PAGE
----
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Borders are open but visitor bottlenecks remain

Slow visa process hampering tourism sector recovery

The Australian Tourism Export Council (ATEC) says while Australia’s international borders are open, the flow of international visitors continues to be hindered by slow visa processing times with some international visitors choosing to travel to competing destinations due to the uncertainty of timely visa approvals. 

The issue of Australia’s visas was raised in talks between Prime Minister Albanese and the Indonesian Government week during his visit where he was accompanied by new Federal Tourism Minister, Senator Don Farrell. 

“We are pleased to see the new Government is having timely and productive talks with one of our emerging visitor markets seeking to find solutions to some of the issues impeding the recovery of Australia’s export tourism industry,” ATEC Managing Director, Peter Shelley said. 

“Right now, we need to be doing everything in our power to welcome back international visitors by removing impediments which may encourage visitors to choose an alternative travel destination.

“The reality is, the issues raised by the Indonesian Government are reflective of experiences across several of our international markets. 

“Australia has a $45bn tourism export industry has been shut for two years due to our border closure, however slow visa processing is now hindering its recovery’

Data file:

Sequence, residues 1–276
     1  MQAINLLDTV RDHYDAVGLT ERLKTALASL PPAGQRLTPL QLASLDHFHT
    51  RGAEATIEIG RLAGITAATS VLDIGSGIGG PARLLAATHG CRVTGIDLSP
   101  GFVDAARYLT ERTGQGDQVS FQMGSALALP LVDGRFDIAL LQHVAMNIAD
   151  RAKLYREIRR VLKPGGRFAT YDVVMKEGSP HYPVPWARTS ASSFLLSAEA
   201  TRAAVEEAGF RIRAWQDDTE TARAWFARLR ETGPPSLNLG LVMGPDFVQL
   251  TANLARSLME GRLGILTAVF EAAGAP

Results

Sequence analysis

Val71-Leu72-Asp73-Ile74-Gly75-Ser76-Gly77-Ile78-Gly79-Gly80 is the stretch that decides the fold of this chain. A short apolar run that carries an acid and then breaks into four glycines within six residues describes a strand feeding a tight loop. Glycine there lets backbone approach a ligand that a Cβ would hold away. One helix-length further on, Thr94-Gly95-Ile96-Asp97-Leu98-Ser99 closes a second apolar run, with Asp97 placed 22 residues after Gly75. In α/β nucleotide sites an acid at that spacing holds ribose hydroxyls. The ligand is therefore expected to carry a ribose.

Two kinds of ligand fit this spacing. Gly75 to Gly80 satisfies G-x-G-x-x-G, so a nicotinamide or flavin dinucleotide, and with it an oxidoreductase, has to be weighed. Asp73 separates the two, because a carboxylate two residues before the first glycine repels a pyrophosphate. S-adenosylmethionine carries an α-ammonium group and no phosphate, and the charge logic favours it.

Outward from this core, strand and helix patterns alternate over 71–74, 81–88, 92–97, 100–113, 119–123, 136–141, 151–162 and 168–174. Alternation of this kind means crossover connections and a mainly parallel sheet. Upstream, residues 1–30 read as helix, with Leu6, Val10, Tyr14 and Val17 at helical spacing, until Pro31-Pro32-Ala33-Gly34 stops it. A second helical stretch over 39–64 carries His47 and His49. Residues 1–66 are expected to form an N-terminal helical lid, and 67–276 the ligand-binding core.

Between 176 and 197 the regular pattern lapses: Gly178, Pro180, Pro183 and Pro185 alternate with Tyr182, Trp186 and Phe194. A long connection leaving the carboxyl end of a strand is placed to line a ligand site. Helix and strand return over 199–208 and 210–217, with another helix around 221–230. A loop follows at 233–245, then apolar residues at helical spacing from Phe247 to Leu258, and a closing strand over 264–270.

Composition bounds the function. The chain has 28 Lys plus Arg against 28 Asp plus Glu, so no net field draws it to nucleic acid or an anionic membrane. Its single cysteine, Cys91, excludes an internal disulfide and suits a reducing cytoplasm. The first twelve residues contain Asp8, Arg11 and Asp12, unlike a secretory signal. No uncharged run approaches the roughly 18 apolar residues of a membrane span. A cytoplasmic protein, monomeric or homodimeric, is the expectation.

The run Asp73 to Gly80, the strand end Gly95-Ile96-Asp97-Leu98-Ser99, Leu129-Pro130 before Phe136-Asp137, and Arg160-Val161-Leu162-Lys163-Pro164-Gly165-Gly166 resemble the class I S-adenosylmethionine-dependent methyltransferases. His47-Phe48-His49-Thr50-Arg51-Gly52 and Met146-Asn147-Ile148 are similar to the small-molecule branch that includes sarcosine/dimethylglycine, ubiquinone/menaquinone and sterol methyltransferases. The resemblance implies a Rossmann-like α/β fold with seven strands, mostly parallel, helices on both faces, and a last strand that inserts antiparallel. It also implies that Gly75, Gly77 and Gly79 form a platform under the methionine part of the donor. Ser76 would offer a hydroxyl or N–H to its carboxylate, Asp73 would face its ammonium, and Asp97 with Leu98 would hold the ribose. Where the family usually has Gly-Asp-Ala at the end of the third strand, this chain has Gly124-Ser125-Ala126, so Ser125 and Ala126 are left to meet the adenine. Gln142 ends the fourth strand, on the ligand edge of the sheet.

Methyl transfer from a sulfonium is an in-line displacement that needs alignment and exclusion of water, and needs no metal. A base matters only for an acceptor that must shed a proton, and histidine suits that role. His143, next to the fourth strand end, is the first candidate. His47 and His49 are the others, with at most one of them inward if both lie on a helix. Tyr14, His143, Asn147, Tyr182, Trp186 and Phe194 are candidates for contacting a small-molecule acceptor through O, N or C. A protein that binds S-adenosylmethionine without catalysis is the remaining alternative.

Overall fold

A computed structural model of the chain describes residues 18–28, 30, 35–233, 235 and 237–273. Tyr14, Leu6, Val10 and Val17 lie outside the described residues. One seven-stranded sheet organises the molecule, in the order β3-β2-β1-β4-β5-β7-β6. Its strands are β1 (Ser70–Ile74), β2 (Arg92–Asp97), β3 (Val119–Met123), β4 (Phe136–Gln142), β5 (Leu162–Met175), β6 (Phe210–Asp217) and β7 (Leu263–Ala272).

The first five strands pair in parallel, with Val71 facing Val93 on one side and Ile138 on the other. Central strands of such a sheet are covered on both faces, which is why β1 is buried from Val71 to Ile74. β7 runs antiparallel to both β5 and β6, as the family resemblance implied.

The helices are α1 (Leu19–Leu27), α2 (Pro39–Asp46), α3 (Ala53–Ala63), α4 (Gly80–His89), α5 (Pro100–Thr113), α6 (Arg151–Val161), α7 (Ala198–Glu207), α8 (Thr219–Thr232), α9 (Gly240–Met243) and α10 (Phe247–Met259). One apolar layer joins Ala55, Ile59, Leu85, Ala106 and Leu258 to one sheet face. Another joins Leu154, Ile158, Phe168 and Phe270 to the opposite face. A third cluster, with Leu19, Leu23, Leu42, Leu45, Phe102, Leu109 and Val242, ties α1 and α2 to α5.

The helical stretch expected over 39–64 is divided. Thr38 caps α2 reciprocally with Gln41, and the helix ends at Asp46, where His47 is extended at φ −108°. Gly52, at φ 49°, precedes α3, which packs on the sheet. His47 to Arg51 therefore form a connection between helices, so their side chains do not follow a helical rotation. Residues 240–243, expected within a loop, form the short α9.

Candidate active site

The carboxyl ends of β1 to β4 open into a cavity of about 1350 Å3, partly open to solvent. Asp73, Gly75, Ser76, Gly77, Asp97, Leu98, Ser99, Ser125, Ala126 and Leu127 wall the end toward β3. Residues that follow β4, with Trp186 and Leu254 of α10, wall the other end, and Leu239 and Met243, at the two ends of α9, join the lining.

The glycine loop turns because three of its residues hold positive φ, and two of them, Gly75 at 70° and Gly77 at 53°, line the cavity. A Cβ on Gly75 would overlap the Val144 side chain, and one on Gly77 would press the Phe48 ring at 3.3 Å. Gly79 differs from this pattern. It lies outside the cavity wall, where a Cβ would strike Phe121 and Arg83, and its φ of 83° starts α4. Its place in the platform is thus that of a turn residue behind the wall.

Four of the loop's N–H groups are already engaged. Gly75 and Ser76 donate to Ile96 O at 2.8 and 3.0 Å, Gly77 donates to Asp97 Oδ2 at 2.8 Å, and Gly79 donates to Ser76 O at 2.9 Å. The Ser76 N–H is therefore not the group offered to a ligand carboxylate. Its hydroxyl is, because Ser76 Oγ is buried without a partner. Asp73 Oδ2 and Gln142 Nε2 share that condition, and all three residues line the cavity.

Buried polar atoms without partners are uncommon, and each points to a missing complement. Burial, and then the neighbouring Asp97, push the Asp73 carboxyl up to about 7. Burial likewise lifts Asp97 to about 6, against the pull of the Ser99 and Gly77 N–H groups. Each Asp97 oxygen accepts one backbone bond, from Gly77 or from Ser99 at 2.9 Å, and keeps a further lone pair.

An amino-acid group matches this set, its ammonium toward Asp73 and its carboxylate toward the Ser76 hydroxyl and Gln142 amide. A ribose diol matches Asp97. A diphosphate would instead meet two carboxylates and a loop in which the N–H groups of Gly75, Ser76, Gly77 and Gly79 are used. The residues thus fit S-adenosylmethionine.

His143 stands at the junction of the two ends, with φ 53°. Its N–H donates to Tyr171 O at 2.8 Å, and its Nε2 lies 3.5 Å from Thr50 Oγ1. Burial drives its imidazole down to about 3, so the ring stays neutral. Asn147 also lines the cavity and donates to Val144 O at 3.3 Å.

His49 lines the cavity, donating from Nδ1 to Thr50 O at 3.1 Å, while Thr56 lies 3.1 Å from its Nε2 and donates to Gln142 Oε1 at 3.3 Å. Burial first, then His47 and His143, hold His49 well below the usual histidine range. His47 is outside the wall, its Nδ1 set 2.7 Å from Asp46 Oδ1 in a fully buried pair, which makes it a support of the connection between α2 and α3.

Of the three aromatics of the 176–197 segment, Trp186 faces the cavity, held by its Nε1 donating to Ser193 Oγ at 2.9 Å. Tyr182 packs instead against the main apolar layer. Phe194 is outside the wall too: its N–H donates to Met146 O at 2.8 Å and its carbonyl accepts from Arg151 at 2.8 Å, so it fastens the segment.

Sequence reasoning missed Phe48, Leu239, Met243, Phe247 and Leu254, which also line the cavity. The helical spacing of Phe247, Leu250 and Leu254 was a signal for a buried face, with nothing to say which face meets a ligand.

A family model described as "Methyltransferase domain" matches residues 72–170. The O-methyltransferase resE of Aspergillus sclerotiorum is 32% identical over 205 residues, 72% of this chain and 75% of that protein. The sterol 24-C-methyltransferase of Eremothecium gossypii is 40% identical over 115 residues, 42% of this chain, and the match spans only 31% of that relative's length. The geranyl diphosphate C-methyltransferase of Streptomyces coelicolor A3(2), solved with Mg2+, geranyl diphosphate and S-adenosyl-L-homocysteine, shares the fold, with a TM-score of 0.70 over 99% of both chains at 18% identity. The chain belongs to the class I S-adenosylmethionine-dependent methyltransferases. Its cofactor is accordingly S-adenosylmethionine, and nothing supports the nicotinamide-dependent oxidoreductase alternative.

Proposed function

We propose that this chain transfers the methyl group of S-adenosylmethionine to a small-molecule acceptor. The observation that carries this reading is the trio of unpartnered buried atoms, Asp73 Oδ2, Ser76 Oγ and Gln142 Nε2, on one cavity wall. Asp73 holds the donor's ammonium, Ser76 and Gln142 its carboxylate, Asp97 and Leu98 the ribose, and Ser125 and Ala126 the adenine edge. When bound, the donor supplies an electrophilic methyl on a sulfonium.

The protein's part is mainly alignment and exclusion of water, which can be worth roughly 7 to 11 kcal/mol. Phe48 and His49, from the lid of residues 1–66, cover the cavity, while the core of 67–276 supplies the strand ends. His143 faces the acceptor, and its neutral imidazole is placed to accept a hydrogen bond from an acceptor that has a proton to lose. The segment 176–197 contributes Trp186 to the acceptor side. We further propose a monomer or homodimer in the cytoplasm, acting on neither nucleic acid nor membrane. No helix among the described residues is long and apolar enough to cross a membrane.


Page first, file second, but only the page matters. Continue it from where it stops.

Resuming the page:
“The delays in visa processing are having a considerable impact on export tourism business and there is an urgent need for action to improve processing times and avoid losing valuable tourist dollars to other competing destinations.” 

A recent survey of the industry conducted by ATEC revealed: 

  • 54 percent of export tourism businesses say visa delays are impacting bookings 
  • 55 percent reported their trade partners in market have reduced or stopped selling Australian holidays due to visa challenges 
  • Impacts are being experienced across all markets but predominantly South East Asia including Indonesia, India, Vietnam and Malaysia 
  • In some instances, visitors are receiving visa approvals as little as one or two days before travel

In other news, with the Indonesian market opening up once again ATEC, together with Tourism Australia, is delivering its latest educational program, Indonesia Host, focused on educating tourism suppliers on positioning their product to cater for the growing Indonesian market. 

“Tourism businesses need strong support from the Government in ensuring all barriers to success are removed and that means providing streamlined and efficient visa processing for our international visitors,” Mr Shelley said. 

In 2019, Indonesia was Australia’s 12th largest inbound market for visitor arrivals, 14th largest market for total visitor spend and 14th largest market for visitor nights.  

The online live webinars include four educational modules: Market & Culture Ready; Product Ready; Service Ready; and Trade Ready. 


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